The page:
Three years ago, today, I decided to start writing my first book. On that April Fool’s Day, I thought I was writing a collection essays, but it turned out to be a memoir. Since then, I’ve written—and re-written—something that I believe finally adds up to a manuscript. Getting it published will be an entirely different story.

However, on this anniversary that I hold dear, I find myself looking back and cataloging the books that have literally altered the course of my life. Starting with the first book that inspired me to write back beyond the margins, here are a few of the books, listed in the year I read them, that beckoned me to the page in the hopes of adding to the cultural conversation of books.

1994: The Scarlet Letter, Nathaniel Hawthorne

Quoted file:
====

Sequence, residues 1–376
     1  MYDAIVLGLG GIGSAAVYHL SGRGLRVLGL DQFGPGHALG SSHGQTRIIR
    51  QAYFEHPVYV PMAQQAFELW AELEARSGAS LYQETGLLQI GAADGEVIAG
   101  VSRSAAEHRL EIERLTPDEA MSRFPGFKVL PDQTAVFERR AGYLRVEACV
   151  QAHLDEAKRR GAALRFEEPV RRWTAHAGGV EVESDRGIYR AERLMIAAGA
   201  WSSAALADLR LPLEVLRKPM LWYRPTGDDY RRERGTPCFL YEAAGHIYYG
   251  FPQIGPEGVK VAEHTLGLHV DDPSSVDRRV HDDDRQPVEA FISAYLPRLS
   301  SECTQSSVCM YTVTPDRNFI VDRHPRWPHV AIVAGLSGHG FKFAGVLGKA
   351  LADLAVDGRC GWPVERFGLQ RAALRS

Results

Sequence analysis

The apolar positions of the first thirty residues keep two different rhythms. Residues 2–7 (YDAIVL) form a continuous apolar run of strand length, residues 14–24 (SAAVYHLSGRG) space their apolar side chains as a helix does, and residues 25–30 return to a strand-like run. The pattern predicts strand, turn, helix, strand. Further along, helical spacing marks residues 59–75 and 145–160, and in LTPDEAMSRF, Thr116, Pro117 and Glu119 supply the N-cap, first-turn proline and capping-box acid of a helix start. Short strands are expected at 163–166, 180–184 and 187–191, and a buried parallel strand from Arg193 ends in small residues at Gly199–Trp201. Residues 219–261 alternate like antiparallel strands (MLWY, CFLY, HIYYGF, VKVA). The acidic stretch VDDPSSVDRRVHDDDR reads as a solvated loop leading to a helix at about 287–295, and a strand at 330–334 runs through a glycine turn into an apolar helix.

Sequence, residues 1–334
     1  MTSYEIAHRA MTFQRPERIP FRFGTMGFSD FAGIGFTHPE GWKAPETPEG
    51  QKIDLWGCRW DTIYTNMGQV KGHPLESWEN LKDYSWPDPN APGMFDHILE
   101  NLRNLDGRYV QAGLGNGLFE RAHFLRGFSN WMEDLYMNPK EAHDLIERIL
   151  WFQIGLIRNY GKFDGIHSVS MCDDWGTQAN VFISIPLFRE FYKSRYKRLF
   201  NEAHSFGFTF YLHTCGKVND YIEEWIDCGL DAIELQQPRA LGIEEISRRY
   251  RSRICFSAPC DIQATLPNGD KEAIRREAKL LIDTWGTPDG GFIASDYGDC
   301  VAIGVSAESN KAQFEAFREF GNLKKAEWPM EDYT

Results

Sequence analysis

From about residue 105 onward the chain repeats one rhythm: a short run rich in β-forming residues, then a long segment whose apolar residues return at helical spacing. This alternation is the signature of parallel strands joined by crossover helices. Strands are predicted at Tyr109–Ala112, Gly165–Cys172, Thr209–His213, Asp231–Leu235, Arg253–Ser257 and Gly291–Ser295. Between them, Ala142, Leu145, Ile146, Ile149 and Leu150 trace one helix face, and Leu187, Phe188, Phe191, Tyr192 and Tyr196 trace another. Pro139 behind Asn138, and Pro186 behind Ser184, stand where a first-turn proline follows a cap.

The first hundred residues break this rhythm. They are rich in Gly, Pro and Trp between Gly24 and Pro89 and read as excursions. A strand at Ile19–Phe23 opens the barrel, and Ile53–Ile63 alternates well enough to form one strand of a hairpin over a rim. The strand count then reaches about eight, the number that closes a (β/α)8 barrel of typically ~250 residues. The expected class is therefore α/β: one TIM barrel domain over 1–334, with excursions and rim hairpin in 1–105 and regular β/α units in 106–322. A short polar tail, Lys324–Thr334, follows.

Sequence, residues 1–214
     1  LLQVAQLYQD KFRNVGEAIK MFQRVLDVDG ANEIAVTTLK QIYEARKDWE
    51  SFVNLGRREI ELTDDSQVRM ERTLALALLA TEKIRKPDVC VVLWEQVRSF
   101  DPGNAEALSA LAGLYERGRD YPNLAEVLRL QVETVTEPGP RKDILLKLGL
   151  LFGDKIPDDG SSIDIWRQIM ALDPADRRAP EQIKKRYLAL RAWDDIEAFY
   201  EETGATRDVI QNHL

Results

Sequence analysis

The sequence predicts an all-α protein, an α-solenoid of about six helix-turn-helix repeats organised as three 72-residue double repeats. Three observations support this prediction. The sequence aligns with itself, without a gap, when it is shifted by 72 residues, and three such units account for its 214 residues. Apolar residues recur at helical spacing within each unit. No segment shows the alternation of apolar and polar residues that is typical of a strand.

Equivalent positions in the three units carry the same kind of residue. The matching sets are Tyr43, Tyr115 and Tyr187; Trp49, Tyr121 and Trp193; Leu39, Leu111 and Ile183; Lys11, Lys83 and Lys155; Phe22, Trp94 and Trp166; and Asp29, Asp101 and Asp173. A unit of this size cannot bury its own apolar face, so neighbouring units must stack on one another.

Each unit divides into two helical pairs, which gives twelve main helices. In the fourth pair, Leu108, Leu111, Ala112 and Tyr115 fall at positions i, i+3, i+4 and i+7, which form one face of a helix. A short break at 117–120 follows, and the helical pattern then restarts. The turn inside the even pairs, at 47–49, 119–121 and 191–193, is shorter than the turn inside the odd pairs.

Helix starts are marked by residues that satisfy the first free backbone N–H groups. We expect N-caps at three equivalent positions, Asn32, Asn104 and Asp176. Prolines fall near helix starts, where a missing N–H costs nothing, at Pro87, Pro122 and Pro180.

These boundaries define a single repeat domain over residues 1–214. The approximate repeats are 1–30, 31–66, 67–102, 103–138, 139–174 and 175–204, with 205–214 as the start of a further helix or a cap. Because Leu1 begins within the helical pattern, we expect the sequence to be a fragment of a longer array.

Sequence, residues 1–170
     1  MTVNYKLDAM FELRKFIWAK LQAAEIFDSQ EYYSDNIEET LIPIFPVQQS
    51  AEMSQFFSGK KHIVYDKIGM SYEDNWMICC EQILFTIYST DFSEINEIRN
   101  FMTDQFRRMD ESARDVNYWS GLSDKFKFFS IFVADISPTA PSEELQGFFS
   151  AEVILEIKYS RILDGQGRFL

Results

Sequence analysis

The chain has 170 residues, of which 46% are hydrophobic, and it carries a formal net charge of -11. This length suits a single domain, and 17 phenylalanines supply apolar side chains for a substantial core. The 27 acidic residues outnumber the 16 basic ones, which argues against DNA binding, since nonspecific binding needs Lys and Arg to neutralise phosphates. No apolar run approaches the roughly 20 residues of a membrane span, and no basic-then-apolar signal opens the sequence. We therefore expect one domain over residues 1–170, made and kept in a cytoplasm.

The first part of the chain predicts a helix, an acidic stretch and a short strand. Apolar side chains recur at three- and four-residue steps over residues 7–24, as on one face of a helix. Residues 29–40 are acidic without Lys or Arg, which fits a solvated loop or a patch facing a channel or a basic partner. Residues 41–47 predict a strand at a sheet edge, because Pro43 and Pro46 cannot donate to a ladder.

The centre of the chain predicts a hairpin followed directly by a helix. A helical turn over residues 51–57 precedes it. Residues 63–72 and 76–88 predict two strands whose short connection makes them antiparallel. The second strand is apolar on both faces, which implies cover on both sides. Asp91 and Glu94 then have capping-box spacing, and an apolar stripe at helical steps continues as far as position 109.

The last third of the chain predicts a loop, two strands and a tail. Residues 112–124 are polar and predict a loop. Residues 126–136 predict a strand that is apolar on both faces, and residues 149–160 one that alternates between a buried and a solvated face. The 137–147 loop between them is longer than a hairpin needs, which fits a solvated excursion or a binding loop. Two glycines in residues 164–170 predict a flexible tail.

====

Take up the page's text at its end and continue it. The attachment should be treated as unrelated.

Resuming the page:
1995: Prozac Nation, Elizabeth Wurtzel

Asking RWE why at 17

1996: Emerson’s Essays, Ralph Waldo Emerson

1997: Giovanni’s Room, James Baldwin

1998: My Name is Asher Lev, Chaim Potok

 

1999: Notes from a Small Island, Bill Bryson

1999: Notes from a Small Island, Bill Bryson

Starring Bill Bryson during Study Abroad

2000: The Spirit Catches You and You Fall Down, Anne Fadiman

2001: In Cold Blood, Truman Capote

2002: Middlesex, Jeffery Eugenides

 

2003: A Heartbreaking Work of a Staggering Genius, Dave Eggers

2004: Journal, Annabel Clark and Lynn Redgrave

2005: Jesus Land, Julia Scheeres

Commiserating with Jesus Land

2005: Jesus Land, Julia Scheeres

2006: On Writing, Stephen King

2007: Take the Cannoli, Sarah Vowell

2008: Holidays on Ice, David Sedaris

2009: The Situation and the Story, Vivian Gornick

2010: Boys of My Youth, Jo Ann Beard

2011: The Commitment, Dan Savage

2012: Virgin, Hanne Blank

Learning from the historian, Hanne Blank

Learning from the historian, Hanne Blank

2013: Memories of a Catholic Girlhood, Mary McCarthy

2014: Don’t Cry, Mary Gaitskill. Or, Cut me Loose, Leah Vincent. I’m in the middle of reading both right now and couldn’t possibly decide.

 

What’s the best book you’ve read this year?